Monday, July 21, 2014

Exhibit Guacamole

So, the final art exhibit was on Friday (although it is on display for the next two weeks), and the theme that I explored was "Our Changing Relationship with Food".  No big surprise there, right?  Anyway, one of the assignments was to make an artist book, which is a work of art in the form of a book.  They are usually one of a kind works.  For my artist book, I made an avocado from clay and documented the history of the cultivation of avocados through altered maps.  So, of course it was only natural that I was automatically nominated to bring the guacamole to the party!  Luckily it turned out to be a hit since I was also named the "resident foodie" of the group.  The second avocado in the picture above is my version of a seedless avocado of the future.  One of the ideas I explored was real food versus fake food.  You will notice the difference between the real guacamole and the fake guacamole chips in picture below.  All in all, the course was a great experience, and I met a lot of great people, but I am definitely glad to have another class completed and under my belt - only one more to go!

I'm not sure how many this serves since it was all gone before I even got any, but I'd say it made about 4 cups.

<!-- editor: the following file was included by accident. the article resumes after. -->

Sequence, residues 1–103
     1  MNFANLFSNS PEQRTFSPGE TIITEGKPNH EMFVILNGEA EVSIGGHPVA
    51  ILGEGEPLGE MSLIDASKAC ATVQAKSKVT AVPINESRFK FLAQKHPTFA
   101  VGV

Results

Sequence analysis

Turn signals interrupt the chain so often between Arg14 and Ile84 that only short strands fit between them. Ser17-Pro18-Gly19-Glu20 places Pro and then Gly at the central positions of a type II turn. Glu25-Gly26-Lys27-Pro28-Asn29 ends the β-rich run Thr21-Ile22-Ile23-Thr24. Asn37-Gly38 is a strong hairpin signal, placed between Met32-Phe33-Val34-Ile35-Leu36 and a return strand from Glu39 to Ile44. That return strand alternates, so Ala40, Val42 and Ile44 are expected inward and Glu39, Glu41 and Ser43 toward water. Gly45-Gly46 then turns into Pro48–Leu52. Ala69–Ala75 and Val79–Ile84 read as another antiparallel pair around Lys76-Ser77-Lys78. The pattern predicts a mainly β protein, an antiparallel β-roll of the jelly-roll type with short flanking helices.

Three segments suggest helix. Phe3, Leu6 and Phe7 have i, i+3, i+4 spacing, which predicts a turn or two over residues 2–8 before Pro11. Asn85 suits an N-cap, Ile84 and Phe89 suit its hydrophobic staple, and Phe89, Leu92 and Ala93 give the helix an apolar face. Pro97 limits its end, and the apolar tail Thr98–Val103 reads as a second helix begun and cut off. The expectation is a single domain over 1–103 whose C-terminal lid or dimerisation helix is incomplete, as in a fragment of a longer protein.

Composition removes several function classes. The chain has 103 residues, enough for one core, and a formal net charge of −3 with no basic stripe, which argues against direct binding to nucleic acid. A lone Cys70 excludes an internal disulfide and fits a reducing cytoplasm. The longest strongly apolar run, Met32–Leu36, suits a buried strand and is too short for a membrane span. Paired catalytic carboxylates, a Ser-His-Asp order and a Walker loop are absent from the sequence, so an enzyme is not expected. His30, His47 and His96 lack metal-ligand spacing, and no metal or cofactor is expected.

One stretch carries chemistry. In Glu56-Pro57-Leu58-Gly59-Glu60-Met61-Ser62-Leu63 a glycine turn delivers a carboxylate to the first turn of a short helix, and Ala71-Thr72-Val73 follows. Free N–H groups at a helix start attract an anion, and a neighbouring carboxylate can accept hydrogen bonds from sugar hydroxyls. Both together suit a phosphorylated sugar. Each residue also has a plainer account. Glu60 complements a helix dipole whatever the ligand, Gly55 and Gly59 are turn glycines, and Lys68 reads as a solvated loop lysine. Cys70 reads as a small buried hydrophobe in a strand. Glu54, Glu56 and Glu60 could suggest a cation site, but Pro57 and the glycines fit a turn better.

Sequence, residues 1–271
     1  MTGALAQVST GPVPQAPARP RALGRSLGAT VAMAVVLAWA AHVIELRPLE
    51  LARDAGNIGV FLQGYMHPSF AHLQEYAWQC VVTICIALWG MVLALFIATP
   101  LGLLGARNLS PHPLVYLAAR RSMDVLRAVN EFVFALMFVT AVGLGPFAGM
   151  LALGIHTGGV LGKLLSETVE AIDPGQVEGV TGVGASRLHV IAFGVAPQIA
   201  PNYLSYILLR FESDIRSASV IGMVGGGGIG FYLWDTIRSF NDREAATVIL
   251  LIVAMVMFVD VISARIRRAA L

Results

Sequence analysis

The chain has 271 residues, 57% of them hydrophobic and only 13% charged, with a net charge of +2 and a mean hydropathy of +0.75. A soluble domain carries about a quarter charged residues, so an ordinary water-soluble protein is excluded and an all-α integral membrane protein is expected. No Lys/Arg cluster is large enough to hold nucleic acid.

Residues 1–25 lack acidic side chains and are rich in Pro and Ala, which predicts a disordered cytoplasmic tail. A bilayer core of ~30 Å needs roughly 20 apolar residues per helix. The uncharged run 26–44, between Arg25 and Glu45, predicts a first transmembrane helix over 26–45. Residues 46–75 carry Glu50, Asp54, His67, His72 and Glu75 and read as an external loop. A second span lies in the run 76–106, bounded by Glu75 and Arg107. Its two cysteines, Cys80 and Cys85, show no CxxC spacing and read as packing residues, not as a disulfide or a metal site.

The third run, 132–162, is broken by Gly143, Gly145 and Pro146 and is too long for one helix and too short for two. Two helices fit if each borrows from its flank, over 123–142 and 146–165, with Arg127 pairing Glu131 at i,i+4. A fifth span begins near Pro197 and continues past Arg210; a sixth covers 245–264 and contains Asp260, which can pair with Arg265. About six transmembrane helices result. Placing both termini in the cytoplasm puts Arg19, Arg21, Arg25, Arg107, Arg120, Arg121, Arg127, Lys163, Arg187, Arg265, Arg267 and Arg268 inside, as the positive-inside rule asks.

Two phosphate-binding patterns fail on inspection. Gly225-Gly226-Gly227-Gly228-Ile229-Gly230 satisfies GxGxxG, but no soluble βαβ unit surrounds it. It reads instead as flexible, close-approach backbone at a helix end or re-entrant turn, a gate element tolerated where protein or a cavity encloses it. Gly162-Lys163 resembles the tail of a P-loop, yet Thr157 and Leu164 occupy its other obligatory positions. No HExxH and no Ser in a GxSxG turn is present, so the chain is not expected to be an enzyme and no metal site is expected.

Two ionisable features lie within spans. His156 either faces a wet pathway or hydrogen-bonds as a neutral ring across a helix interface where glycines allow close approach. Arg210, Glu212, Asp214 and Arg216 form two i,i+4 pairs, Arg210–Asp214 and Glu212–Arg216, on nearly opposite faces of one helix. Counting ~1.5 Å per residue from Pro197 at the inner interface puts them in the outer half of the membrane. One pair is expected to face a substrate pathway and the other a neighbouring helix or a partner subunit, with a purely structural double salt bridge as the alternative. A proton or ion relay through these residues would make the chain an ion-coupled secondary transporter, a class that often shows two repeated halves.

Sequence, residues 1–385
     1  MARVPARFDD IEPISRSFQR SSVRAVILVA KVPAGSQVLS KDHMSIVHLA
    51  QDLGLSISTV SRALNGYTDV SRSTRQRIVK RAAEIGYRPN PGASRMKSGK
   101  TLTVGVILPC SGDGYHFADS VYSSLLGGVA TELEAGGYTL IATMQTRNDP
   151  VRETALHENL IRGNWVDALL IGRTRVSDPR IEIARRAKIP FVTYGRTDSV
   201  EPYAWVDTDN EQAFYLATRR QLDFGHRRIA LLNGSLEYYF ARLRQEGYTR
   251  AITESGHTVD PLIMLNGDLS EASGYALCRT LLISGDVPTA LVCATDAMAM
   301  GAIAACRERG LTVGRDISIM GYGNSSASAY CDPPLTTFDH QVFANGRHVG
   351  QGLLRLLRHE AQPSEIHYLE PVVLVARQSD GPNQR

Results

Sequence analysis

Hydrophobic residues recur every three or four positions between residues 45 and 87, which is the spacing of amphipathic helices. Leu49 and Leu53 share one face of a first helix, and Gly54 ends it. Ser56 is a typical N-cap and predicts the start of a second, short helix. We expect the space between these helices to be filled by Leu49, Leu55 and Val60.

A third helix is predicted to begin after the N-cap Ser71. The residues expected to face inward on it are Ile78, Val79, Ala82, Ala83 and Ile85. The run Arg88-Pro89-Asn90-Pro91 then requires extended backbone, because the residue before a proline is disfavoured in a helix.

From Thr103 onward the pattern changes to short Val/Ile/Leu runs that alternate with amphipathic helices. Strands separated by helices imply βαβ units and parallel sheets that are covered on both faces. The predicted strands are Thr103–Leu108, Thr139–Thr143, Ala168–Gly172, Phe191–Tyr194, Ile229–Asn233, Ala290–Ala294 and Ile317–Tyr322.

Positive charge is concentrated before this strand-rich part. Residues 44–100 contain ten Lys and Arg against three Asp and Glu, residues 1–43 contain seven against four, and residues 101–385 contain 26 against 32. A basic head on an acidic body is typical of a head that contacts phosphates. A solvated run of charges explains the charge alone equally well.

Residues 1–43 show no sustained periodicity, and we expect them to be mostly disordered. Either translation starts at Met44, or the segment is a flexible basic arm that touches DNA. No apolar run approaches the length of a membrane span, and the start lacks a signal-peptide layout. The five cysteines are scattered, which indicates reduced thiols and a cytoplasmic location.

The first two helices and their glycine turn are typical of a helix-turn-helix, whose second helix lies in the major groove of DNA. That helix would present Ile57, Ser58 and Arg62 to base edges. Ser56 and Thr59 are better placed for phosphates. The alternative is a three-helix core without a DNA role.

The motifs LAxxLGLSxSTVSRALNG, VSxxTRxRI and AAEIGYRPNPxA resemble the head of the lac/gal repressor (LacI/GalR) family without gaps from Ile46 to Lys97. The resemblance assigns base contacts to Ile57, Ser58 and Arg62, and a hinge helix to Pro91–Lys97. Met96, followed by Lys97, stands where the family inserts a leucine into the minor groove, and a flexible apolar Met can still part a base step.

5 - 6 ripe avocados, finely chopped
1 tomato, seeds removed and diced
3 Tbsp red onion, finely diced, soaked in cold water for 10 minutes, and drained
2 Tbsp fresh cilantro, finely chopped
1/4 - 1/2 jalapeƱo, finely diced
juice of one lime
1/3 tsp sea salt


1. Basically, just mix everything together in a bowl and adjust the salt and lime to taste.  I stir it around and mash it a bit with a spoon so that it is a bit mashed but still chunky.  I like to keep it chunky so that it does not look like the slop from the store.  It's best to do the mashing before adding the tomatoes...

2. In order to remove the seeds from the tomato, cut it into six to eight sections (depending on how big it is) and stick your thumb in the seed part (over the sink) to push them out.

3. I soak the onions in cold water to lessen the bite, but that is a personal preference of mine.

4. Be careful not to over-salt the guacamole because the tortillas that you will most likely be eating it with are also salted.  Therefore, taste the guacamole on a tortilla, not by itself.  Enjoy!!!

Shopping Tips:

1. Ripe avocados are hard to find in the store, and if they are ripe, they are usually bruised from being poked too much.  Buy your avocados two to three days before you need them, allow them to ripen on the counter, and then put them in the fridge when they are ready.  Putting them in the fridge will hold them at that stage of ripeness for several days.  For that reason, I always have a couple ready to go.

2. There are many strategies and myths for keeping guacamole from going brown.  Because it has just oxidized, it is still safe to eat when it is brown, but it is not very appetizing.  The acid in the lime does a pretty good job of keeping it green for a few hours.  I have also heard from several people that placing the avocado stone in the guacamole will keep it from going brown as well.  I'm not sure if that is a myth or not, but those who do it swear it works!

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